Become A Better Teacher by One Percent Everyday

How can becoming one percent better improve your teaching over time. Learn about the compounding effect of building small habits.

Become A Better Teacher by One Percent Everyday
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Better By One Percent Everyday

“It’s not the big things that add up in the end; it’s the hundreds, thousands, or millions of little things that separate the ordinary from the extraordinary.” -The Compound Effect* by Darren Hardy

Teachers spend a good part of their day working in situations in which they have little control. Classrooms are filled with different human beings with different behaviors. One predictable thing about teaching is that it is unpredictable. Sometimes I cannot wrap my head around everything that happens in one day at school.

However, we are in control of our actions and reactions.

Imagine how small actions can add up to big results over time. According to James Clear, “Habits are the compound interest of self-improvement”. I recently watched his talk describing what happens when you get one percent better every day (video below).

I started to generate a list of little habits and actions that might compound into big results. Here’s what I have so far. Maybe this list will help you identify something you could focus on that will help you become better one percent at a time. The key is to start small and then keep the streak alive.

Small Ways to Become One Percent Better At Teaching - A Few Ideas

  1. Take five minutes at the end of the school day to reflect on successes and challenges and to decide what you would like to accomplish tomorrow.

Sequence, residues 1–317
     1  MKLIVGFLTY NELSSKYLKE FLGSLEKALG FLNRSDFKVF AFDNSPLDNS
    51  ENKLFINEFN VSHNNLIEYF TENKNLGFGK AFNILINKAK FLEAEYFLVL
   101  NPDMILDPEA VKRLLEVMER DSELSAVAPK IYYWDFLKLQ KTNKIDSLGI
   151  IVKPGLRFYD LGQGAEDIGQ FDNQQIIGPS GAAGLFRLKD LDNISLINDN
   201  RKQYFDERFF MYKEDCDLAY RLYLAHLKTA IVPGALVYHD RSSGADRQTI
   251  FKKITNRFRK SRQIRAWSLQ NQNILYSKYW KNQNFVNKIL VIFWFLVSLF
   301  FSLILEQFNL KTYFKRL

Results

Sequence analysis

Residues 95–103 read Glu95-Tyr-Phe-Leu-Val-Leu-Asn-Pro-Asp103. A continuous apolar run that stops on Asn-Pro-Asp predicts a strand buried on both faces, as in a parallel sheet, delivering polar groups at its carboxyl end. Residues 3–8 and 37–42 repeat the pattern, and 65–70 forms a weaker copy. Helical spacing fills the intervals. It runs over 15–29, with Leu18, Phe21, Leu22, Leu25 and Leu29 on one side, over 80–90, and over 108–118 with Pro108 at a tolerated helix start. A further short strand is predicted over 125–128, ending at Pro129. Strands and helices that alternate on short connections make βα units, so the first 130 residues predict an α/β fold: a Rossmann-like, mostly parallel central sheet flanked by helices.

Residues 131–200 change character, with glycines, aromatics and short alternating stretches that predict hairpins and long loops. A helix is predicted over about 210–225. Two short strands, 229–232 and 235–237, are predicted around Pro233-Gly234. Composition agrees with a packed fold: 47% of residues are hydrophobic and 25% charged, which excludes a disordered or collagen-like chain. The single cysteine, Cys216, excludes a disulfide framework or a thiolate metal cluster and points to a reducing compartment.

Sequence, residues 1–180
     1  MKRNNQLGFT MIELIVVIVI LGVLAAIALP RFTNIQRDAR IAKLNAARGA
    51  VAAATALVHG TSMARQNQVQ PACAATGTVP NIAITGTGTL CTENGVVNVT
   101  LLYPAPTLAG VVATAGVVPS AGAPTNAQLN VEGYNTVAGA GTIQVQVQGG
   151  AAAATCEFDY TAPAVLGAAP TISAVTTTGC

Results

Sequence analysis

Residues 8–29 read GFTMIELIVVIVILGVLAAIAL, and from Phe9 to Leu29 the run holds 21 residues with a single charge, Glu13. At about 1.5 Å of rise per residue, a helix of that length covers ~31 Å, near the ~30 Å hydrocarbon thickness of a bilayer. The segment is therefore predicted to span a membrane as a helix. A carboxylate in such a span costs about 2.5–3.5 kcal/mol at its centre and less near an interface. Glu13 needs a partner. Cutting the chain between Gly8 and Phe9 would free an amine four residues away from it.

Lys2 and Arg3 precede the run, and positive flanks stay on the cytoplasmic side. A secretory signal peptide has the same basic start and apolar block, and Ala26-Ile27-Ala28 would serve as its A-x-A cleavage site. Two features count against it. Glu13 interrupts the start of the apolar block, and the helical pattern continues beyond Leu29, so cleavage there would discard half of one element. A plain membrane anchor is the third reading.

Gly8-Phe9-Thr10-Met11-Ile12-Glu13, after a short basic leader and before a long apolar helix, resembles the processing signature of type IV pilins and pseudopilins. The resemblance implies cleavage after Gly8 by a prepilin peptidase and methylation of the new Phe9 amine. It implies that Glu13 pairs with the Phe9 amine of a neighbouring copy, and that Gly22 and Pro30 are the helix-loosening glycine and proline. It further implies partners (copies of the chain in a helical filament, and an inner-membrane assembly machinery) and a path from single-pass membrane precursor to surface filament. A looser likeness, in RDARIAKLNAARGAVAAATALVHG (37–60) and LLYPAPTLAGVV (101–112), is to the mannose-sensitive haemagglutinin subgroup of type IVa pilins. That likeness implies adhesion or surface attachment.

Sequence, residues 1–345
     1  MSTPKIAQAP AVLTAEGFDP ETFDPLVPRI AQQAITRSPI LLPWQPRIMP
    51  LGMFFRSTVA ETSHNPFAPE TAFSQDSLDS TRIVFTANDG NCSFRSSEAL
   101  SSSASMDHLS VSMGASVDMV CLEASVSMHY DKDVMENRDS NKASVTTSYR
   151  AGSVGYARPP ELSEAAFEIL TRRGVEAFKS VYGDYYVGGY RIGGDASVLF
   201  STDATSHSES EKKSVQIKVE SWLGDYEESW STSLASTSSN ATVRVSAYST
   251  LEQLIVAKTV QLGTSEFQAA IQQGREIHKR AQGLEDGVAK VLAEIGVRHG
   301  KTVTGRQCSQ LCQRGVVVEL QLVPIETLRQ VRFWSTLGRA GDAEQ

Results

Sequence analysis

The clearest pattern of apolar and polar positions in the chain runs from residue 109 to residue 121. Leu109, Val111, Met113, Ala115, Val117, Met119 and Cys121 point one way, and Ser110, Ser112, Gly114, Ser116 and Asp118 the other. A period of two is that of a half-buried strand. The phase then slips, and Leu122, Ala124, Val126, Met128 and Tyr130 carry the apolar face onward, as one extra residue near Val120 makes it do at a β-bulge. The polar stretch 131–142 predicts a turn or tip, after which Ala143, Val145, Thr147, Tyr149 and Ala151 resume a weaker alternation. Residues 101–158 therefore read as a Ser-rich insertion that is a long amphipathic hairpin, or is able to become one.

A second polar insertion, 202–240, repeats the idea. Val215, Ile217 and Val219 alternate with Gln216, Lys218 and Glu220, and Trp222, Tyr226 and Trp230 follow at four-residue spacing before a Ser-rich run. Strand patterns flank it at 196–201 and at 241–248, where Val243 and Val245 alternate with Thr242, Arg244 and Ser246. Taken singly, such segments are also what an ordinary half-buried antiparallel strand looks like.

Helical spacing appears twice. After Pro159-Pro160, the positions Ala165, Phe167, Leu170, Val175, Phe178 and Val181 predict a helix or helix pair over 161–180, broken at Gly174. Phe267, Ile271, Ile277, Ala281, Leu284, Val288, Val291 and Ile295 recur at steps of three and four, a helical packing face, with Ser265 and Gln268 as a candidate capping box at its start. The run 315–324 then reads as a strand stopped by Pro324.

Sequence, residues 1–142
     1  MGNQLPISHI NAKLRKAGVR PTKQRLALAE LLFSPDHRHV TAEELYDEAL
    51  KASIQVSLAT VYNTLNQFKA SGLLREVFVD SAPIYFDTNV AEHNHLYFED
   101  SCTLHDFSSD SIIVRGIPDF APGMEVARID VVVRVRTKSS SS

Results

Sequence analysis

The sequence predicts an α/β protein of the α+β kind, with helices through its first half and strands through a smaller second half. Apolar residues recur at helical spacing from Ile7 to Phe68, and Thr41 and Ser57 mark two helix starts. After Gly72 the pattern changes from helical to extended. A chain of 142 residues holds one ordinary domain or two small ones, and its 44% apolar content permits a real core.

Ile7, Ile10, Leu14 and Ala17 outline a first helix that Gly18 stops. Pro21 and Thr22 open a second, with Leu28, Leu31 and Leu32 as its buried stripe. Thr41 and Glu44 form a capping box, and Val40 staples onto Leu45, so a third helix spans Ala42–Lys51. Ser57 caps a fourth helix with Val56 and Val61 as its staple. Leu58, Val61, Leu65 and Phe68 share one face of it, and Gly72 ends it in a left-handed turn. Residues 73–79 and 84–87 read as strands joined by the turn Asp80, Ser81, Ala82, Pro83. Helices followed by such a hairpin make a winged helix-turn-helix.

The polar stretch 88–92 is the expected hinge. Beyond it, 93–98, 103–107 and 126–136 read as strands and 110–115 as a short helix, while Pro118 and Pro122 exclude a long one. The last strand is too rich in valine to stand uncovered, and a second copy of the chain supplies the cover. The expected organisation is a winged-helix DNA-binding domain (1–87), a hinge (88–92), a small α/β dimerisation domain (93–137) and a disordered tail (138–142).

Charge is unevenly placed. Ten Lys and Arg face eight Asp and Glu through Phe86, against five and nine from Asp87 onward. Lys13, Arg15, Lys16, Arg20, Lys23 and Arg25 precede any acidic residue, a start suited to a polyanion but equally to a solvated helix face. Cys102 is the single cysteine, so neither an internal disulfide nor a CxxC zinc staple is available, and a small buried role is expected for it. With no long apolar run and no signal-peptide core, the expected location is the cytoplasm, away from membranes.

2. Create a few positive affirmations connected with teaching and recite them at set intervals throughout the school day.
  3. Be mindful and focus on your breathing for 5 minutes during lunch -if you are lucky enough to have a little time alone 😊.
  4. Learn something new with your students.
  5. Look to incorporate something new and different into your instruction. Put time aside for a small brainstorming session weekly or monthly. If you do this consistently it will add up over the months and years.
  6. We usually have that voice in the back of our minds that’s letting us know an area we can improve or a habit we should change. Pause and listen to it. Here is a list of effective teacher habits to help you get started.
  7. Create a structure where students can provide their input giving them a voice to share what they need.
  8. Find ways to compliment your students. Pick a number per day and stick to it.
  9. Set aside a set amount of time for professional reading each week.

Additional Resources:

  • James Clear is featured in the talk below. He's the author of the book Atomic Habits*.
  • Check out the magical compounding effects of habits. This is the article that first peaked my interest.

Thanks for reading. Please share your feedback and comments on Twitter. What's your recent teacher win? What are you reading and learning lately? Just say "Hi". Send a tweet to @jeremyajorg.

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